How to Determine If the Oracle Redo Log File Size Is a Problem

By Richard Niemiec on April 19, 2013


Two potential problems are possible that should be addressed when considering whether to increase the size of Oracle log files: batch jobs that don’t have enough total redo space to complete and long-running jobs that are spending a large amount of time wsitching online redo logs.

The first concerns batch jobs that do not have enough total redo space to complete or are so fast that the online redo logs wrap (cycle through all the logs and start writing to the first one again) before they are archived to the offline redo logs. Because an online redo log cannot be overwritten until it is archived (when archiving is enabled), DML and DDL activity has to wait until an online log becomes available. By listing the online redo logs with their last update date and time at the operating system level, you can determine how often they are switching. You can also query V$LOG_HISTORY for the last 100 log switches. If you increase the size of the online redo logs, it may provide the space for large batch jobs doing large INSERT, UPDATE, and DELETE transactions. A better solution may be to increase the number of online redo logs so the additional space is provided while also having a frequent log switch (smaller but more online redo logs).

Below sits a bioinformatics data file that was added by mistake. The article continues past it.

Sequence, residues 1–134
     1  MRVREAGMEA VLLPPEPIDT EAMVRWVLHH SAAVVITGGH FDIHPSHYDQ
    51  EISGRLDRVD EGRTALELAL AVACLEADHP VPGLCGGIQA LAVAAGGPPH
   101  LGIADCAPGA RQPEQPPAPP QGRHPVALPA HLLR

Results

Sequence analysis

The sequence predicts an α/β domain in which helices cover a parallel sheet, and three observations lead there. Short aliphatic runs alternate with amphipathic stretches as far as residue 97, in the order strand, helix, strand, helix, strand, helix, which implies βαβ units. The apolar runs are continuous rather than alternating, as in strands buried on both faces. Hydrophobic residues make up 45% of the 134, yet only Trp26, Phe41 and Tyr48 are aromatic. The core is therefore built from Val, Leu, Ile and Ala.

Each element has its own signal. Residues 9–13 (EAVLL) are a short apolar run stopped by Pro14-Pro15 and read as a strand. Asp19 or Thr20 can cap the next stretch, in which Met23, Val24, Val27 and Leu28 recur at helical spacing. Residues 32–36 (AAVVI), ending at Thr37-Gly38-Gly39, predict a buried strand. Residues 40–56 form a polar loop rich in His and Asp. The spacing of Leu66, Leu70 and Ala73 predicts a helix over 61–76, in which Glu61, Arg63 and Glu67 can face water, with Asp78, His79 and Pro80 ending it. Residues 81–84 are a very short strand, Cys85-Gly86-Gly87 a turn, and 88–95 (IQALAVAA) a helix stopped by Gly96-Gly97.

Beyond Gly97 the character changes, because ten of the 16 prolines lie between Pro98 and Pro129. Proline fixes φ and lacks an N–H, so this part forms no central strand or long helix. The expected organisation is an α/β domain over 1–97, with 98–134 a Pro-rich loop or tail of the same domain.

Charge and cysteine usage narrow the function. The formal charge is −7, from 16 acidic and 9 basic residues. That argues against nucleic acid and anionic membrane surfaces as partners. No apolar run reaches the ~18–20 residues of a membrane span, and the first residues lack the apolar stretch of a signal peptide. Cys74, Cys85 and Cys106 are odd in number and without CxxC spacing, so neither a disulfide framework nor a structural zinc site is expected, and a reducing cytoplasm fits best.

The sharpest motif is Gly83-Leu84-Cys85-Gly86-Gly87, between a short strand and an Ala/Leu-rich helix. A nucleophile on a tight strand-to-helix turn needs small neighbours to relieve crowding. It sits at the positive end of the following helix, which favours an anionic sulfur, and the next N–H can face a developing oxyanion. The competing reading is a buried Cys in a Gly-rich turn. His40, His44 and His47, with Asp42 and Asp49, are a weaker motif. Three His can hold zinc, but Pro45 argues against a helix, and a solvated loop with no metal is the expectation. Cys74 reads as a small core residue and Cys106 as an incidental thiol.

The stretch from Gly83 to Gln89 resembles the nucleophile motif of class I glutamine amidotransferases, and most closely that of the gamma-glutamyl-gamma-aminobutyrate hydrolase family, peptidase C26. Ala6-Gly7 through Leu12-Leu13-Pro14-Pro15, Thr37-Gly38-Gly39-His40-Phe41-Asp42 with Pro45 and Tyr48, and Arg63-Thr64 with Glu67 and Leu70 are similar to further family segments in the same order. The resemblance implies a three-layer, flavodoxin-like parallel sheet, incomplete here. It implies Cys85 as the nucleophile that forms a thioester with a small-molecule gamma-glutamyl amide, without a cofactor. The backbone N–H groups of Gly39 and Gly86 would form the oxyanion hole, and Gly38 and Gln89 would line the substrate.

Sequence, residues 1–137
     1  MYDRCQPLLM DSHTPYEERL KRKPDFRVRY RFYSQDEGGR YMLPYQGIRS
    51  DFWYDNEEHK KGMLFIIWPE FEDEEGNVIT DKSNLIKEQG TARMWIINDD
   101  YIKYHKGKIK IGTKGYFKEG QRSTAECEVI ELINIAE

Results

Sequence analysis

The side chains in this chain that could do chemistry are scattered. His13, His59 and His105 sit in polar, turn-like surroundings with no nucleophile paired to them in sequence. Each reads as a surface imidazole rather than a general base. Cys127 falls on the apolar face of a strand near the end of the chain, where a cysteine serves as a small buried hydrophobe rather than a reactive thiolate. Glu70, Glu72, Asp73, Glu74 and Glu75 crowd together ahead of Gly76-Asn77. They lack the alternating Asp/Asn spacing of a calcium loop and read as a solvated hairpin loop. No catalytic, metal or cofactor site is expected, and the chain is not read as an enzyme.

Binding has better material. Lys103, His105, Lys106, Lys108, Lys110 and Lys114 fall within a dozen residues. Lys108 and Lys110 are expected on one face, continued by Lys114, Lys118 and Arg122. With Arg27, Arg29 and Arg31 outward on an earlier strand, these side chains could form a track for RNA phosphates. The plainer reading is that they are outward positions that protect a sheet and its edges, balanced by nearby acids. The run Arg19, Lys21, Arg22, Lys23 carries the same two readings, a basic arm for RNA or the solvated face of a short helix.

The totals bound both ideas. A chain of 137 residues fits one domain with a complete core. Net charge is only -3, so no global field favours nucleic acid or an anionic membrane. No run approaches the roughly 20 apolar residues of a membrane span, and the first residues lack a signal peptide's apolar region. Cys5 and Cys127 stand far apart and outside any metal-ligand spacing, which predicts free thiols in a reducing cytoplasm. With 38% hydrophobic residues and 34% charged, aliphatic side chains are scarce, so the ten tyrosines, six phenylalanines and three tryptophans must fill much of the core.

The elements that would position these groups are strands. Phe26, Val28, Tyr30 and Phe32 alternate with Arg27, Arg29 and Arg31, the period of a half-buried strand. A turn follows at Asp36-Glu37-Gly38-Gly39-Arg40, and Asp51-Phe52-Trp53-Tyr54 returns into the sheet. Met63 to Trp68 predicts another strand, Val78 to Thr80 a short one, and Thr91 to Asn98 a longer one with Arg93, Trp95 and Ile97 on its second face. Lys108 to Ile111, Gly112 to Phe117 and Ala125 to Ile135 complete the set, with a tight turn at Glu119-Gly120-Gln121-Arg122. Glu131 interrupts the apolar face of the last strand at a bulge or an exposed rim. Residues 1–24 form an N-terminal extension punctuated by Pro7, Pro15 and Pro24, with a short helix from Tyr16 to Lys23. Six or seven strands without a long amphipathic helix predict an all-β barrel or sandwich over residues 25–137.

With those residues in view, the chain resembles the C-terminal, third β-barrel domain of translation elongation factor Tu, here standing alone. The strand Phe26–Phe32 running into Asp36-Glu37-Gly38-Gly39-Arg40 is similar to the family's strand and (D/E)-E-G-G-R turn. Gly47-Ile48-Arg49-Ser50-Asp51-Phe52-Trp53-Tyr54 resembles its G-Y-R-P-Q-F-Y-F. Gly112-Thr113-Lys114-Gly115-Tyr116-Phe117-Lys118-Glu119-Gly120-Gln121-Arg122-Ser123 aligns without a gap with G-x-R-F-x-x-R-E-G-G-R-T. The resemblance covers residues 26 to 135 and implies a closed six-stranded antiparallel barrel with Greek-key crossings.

The second potential problem concerns long-running jobs that are spending a large amount of time switching online redo logs. Long-running jobs are often much faster when the entire job fits into a single online redo log. For the online transaction processing (OLTP) type of environment, smaller online redo logs are usually better. My rule of thumb is for online redo logs to switch every half hour (not counting the long-running batch jobs that shorten this time). By monitoring the date and time of the online redo logs at the operating system level (or querying V$LOG_HISTORY), you can determine whether to increase the size or number of online redo logs to reach an optimum switching interval.

Here is a query that shows you the time between log switches. It can be handy in determining if you have a problem:

select  b.recid,
        to_char(b.first_time, ’dd-mon-yy hh:mi:ss’) start_time, 
        a.recid,
        to_char(a.first_time, ’dd-mon-yy hh:mi:ss’) end_time,
        round(((a.first_time-b.first_time)*25)*60,2) minutes
from    v$log_history a, v$log_history b
where   a.recid = b.recid + 1
order   by a.first_time asc

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Comments

  1. Everything in this post is text that can be copied, except the SQL … the only thing one would want to copy.
    Thanks

  2. select b.recid,
    to_char(b.first_time, ’dd-mon-yy hh:mi:ss’) start_time,
    a.recid,
    to_char(a.first_time, ’dd-mon-yy hh:mi:ss’) end_time,
    round(((a.first_time-b.first_time)*25)*60,2) minutes
    from v$log_history a, v$log_history b
    where a.recid = b.recid + 1
    order by a.first_time asc